Former underdog ChevronTexaco ( CVX) is starting to look like big oil's hottest star.

After a series of misfires -- including a disastrous shot at energy trading -- ChevronTexaco jumped past some sizzling competitors to deliver the biggest upside surprise of the quarter.

The energy giant, which became the nation's second-largest oil company through a merger in 2001, reported first-quarter profits of $1.99 per share that toppled Wall Street expectations by 18 cents. All together, the company reported first-quarter profits of $1.92 billion that more than doubled profits of $725 million one year ago.

The stock jumped $1.10 to $64.10 on the news.

"They had everything going against them last year," said Fahnestock analyst Fadel Gheit, who recommends buying the stock and owns shares in the company himself. "But now, they're firing on all cylinders. They did much better than the other majors."

West Is Best

Like its competitors, ChevronTexaco benefited from soaring energy prices pushed higher by the war in Iraq and disruption in Venezuela. But the company's success was amplified by its industry-leading leverage to both energy prices and refinery margins in the West Coast. Those same focuses, combined with a doomed foray into energy trading, hammered ChevronTexaco during the unfavorable conditions that followed the company's merger.

A year ago, Gheit said, ChevronTexaco was reeling from hurricane damage in the Gulf of Mexico, government blackmailing in foreign locations and -- most notably -- a bad $3 billion bet on energy trader Dynegy ( DYN).

"Investor confidence has been shot," he admitted. "Hopefully, they're on the right track now."

CEO Dave O'Reilly insists that's the case. He pointed to ChevronTexaco's recent quarter as evidence of a turnaround.

"The first quarter's financial results were the best since our merger in late 2001," O'Reilly said. "Taken together, the first quarter financial results, our recent operational successes and the longer-term initiatives combine to underscore our company's solid foundation and the significant potential to create value for our stockholders."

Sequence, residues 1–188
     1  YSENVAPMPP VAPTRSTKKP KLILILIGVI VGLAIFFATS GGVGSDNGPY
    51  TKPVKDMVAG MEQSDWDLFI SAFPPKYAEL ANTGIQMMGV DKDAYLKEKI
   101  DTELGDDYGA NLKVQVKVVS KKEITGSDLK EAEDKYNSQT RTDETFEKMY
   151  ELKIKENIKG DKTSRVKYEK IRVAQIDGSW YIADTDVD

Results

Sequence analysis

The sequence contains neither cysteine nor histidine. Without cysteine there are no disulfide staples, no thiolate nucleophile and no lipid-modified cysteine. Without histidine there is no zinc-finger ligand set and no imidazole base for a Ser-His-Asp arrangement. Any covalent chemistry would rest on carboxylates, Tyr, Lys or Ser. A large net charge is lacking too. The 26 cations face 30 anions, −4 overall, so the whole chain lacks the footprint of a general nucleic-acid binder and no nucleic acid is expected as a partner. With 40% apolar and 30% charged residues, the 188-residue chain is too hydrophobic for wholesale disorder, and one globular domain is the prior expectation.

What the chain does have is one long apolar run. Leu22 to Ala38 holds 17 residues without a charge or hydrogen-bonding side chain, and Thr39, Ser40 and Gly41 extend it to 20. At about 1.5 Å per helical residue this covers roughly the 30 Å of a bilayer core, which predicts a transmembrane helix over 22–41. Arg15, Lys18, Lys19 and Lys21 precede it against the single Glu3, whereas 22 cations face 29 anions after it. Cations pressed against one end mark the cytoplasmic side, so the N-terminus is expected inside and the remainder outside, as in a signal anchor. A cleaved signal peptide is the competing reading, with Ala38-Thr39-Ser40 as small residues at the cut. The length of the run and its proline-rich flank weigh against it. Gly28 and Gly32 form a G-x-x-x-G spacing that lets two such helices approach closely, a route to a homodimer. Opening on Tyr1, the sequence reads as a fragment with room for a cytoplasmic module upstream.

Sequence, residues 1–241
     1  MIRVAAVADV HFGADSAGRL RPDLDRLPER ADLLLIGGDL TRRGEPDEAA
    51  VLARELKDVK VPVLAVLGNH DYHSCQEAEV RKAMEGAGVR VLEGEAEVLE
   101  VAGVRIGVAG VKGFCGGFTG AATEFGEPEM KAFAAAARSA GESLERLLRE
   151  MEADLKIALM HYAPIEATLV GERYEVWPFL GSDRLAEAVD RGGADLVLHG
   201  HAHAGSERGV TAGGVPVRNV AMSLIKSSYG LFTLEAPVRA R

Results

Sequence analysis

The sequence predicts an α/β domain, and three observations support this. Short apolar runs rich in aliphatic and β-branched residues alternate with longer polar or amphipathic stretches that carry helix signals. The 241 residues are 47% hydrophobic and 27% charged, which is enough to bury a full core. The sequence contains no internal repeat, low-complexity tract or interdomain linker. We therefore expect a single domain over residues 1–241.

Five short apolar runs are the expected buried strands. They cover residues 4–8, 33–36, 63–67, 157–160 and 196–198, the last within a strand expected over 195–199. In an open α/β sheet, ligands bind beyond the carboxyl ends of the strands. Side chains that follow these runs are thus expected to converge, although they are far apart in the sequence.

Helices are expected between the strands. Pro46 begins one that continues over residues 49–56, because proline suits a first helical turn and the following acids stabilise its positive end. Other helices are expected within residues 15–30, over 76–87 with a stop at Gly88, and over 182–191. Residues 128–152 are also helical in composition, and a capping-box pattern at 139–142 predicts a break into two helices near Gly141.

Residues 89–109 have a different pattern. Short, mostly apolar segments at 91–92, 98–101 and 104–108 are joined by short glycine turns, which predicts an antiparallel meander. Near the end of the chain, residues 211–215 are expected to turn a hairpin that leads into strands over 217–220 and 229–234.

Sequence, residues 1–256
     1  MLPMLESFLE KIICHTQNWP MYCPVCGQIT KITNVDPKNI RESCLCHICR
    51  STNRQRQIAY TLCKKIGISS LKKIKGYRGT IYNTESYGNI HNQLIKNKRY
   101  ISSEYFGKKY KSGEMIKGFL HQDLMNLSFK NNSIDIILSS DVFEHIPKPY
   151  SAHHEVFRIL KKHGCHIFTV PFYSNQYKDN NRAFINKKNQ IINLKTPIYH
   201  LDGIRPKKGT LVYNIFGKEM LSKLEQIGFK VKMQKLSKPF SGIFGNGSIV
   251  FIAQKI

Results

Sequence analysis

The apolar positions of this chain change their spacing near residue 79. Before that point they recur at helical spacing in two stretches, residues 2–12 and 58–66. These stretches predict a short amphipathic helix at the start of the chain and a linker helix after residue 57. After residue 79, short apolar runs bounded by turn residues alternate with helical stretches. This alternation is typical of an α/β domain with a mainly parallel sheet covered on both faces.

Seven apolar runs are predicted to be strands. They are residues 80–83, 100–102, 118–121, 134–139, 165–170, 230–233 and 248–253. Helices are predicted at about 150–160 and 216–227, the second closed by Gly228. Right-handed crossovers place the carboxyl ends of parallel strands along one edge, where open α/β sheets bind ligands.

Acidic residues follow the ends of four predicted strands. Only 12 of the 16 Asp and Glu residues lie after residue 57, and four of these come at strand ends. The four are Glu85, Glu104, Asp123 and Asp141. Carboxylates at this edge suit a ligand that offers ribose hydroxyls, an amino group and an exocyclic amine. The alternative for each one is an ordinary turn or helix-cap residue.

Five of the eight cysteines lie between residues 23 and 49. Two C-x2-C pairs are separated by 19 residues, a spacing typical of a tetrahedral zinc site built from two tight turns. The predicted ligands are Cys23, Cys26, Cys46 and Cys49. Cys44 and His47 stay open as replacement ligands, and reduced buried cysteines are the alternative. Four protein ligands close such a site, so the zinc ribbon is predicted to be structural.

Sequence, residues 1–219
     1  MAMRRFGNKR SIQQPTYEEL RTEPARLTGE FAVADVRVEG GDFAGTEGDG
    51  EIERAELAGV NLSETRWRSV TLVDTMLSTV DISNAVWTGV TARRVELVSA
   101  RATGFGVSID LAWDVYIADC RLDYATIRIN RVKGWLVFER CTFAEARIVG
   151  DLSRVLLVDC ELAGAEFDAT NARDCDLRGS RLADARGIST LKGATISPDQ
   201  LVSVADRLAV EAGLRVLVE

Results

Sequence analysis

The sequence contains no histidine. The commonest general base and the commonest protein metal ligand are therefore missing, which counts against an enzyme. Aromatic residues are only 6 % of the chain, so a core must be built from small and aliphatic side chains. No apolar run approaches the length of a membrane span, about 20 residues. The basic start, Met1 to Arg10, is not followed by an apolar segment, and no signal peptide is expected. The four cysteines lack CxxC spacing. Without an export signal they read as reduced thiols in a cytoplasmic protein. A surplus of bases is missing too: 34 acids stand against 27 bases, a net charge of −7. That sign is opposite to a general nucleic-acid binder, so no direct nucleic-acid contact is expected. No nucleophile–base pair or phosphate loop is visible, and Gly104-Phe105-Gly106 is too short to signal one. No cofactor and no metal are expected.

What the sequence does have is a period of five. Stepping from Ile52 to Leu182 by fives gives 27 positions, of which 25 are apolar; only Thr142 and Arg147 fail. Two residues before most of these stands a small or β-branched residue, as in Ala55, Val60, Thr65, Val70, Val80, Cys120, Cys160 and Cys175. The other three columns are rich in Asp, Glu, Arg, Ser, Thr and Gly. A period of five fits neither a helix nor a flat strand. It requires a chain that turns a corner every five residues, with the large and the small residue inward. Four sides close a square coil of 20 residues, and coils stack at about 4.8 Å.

Running the Table

The company's performance improved almost across the board during the quarter. Overall sales surged 47% to $31 billion. Upstream profits, generated from exploration and production, jumped 73% to $1.97 billion. Meanwhile, the company's refinery unit -- where margins can be hurt by higher oil prices -- actually swung from a $61 million loss to a $315 million profit.

Only ChevronTexaco's chemical division, which generally contributes less than 5% to the company's bottom line, weathered a drop-off. There, profits tumbled from $15 million to $3 million during the quarter.

"Chemicals are universally weak right now," Gheit explained. "But they'd rather take that any time. They're happy to get the higher energy prices."

Meanwhile, the company continues to benefit from merger-related synergies. So far, Chevron and Texaco have saved $2 billion by combining forces.

But despite the company's progress, the stock continues to languish. The shares actually commanded 30% more during ChevronTexaco's difficult period a year ago.

Still, Gheit believes the stock could jump 20% to a fairer valuation of $75 a share. In the meantime, he points out that ChevronTexaco pays the highest-yielding dividend of the majors.

Roughly half of the analysts following ChevronTexaco recommend that clients buy the stock. On average, analysts expect the stock to go to $70 a share.

Shares of Chevron were trading at $64.71, up $1.71, or 2.71%.